Under pressure over rising hydro bills, the Ontario government unofficially launched its 2018 provincial election campaign today.
And, given the opposition parties are trying to make hydro bills the ballot box question, the province is responding to that challenge with the biggest hydro bill rebate plan of the three parties to date.
Starting this year, the Liberal government was already cutting the HST on hydro bills by eight per cent — something my colleague David Macdonald and I estimate will benefit Ontario’s richest households two-and-a-half times more than the poorest 10 per cent.
Why? Because the eight per cent HST cut is a flat rate cut, which means everyone gets the same percentage of savings, from the Conrad Blacks of Ontario to a low-income senior.
Richer households consume more electricity. They’ve got bigger houses, more bells and whistles like electronics. That contributes to the bigger hydro bill savings.
In our paper released today, we reconfigured the hydro bill rebate so that poor and middle class households would save up to 25 per cent on their bills but the richest — households earning $109,000 or more — would pay their full share. Just like they did before January 1st.
For the same amount of public dollars, the province could be delivering a bigger rebate to households who need the greatest relief.
But today’s news conference featuring Premier Kathleen Wynne just kicked the hydro bill rebate plan up a few notches. While the details seem scarce, here is what we know so far: the government is now promising to cut another 17 per cent from hydro bills.
It’s doing it by spending up to $2.5 billion on programs to support low-income hydro users and those in rural and remote areas by enhancing Ontario Electricity Support Program, broadening the Rural and Remote Rate Protection Program, providing relief for First Nations people on reserves, and introducing an affordability fund which seems to be aimed at helping hydro customers who cannot qualify for low-income conservation funds.
The effect of these measures will be to deliver greater benefits to low-income families, counter-balancing the regressivity of the HST rebate.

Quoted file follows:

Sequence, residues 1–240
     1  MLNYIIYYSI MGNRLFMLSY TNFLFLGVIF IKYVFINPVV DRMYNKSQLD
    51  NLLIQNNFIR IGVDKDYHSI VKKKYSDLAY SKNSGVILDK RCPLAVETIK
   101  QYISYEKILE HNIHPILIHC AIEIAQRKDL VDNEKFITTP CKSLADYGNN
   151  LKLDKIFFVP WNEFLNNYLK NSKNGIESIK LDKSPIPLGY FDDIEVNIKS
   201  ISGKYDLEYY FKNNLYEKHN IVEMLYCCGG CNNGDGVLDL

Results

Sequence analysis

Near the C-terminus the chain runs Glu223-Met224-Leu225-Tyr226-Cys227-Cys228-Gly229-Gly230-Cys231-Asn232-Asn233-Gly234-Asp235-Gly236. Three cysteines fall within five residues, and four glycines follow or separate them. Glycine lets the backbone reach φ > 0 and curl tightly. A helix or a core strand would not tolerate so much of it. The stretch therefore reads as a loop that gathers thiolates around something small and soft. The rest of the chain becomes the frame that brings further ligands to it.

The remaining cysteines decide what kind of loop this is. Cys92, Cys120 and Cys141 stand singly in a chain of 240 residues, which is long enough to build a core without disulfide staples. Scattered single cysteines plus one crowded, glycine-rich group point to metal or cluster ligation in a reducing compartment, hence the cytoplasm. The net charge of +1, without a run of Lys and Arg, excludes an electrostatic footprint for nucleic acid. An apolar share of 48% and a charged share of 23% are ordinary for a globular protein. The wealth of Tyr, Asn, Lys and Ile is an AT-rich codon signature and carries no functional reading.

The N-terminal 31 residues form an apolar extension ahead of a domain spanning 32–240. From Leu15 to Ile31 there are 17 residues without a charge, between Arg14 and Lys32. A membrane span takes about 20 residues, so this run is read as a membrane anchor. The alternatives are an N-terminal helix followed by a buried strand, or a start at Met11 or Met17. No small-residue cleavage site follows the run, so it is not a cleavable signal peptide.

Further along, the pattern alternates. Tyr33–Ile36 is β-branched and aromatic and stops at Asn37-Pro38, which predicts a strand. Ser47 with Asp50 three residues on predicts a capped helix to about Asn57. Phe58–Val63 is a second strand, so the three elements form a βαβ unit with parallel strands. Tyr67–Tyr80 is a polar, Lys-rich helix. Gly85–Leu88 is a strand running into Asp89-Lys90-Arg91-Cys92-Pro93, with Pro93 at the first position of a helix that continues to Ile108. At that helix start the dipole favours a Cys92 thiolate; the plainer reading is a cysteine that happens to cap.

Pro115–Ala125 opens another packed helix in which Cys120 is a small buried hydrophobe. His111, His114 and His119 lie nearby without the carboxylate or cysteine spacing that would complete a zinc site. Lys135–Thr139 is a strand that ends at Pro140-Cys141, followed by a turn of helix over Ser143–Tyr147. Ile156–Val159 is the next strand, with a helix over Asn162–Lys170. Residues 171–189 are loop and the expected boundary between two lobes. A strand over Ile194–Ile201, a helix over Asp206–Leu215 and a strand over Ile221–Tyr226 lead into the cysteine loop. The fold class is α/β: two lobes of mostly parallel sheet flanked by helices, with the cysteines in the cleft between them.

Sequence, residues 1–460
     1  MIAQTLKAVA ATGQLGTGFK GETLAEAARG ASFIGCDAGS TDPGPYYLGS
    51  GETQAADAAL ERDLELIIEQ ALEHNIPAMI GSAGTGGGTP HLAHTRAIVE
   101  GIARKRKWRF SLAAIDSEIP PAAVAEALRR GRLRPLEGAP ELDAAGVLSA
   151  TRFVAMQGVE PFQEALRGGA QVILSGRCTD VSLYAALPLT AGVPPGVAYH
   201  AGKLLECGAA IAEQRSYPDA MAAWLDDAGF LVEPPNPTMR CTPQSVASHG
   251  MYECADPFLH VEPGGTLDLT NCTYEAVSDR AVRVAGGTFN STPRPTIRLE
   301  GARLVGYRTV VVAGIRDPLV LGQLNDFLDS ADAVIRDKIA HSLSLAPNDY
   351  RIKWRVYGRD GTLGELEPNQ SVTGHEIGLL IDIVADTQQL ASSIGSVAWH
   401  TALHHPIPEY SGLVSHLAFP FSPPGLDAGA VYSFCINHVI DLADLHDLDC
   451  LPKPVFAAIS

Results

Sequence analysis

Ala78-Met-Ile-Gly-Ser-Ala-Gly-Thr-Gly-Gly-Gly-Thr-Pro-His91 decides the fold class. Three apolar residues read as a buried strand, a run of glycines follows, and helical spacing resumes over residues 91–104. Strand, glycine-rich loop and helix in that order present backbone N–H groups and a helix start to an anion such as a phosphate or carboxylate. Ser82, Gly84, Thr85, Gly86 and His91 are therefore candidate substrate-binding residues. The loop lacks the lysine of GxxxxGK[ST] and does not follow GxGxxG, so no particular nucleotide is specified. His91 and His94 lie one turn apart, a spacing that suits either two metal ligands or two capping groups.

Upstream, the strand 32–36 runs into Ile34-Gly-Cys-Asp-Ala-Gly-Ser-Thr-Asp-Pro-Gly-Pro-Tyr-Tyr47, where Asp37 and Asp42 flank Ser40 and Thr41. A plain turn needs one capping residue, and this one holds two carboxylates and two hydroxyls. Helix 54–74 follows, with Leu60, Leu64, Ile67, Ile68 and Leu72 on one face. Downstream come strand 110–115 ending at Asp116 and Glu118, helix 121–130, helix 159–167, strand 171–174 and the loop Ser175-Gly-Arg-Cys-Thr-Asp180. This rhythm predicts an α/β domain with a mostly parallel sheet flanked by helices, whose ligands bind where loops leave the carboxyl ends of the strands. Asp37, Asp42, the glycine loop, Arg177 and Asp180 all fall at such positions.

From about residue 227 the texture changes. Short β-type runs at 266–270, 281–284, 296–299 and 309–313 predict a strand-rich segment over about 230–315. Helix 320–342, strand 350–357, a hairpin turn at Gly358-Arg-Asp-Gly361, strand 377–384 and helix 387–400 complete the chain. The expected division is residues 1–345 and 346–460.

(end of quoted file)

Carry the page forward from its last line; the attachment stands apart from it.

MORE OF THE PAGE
The premier also announced a refinancing of a portion of the global adjustment cost to spread the costs over a longer period. This will increase costs in future, both due to the increase in interest costs and the extended period of time for payments. So, $2.5 billion of annual costs are being pushed forward and there will be annual interest costs of up to $1.4 billion. It looks like these costs will be paid through the tax system, hydro rates, or both.
On the surface, looking at the options available, this proposal makes some sense, as accounting costs are often spread over the life of an asset.
How does the Wynne plan differ from the Progressive Conservatives and the New Democrats?
For all their belly aching, the Progressive Conservatives haven’t yet said what they will do yet to reduce hydro prices. They have committed to eliminating the Green Energy Act.
What Patrick Brown will say is that the current government has done a bad job on negotiating contracts with private providers of energy. That is likely true. But, it will be expensive (if not impossible) to renege or renegotiate them.
The NDP says privatization and private sector involvement in the electricity system is the problem, and that certainly gets closer to the root of things. It does reduce public control, and the policy flexibility to address issues like conservation, or to adapt to changing patterns of electricity demand.
But reversing the situation will be an expensive long-term process. Which means long-term political and public commitment.
The NDP and Progressive Conservatives have successfully backed this government into a corner on hydro.
Today’s announcement by Premier Wynne just upped the ante on the hydro file — one that has become as hot of a political potato as you can have.
There are flaws in all three parties’ approaches to resolving the hydro bill political nightmare, but Liberals are increasing the progressivity of their solutions, while the NDP has identified a fundamental problem, even if their solution comes up short.